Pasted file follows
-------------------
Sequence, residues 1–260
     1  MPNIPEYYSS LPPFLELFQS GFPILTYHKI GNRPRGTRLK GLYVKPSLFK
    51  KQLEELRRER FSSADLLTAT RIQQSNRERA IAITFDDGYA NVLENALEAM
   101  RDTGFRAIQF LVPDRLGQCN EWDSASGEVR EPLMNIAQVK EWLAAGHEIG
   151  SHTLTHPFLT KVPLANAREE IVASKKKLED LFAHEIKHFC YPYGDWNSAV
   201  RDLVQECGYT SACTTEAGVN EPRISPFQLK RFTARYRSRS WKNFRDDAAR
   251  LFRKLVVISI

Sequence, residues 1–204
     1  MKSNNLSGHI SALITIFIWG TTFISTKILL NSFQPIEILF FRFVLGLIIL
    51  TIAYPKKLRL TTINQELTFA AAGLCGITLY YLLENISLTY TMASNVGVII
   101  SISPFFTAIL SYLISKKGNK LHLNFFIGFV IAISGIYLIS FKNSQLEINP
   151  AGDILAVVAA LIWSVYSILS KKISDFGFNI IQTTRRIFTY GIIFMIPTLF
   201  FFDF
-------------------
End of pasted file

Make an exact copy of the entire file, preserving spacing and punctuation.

Sequence, residues 1–260
     1  MPNIPEYYSS LPPFLELFQS GFPILTYHKI GNRPRGTRLK GLYVKPSLFK
    51  KQLEELRRER FSSADLLTAT RIQQSNRERA IAITFDDGYA NVLENALEAM
   101  RDTGFRAIQF LVPDRLGQCN EWDSASGEVR EPLMNIAQVK EWLAAGHEIG
   151  SHTLTHPFLT KVPLANAREE IVASKKKLED LFAHEIKHFC YPYGDWNSAV
   201  RDLVQECGYT SACTTEAGVN EPRISPFQLK RFTARYRSRS WKNFRDDAAR
   251  LFRKLVVISI

Sequence, residues 1–204
     1  MKSNNLSGHI SALITIFIWG TTFISTKILL NSFQPIEILF FRFVLGLIIL
    51  TIAYPKKLRL TTINQELTFA AAGLCGITLY YLLENISLTY TMASNVGVII
   101  SISPFFTAIL SYLISKKGNK LHLNFFIGFV IAISGIYLIS FKNSQLEINP
   151  AGDILAVVAA LIWSVYSILS KKISDFGFNI IQTTRRIFTY GIIFMIPTLF
   201  FFDF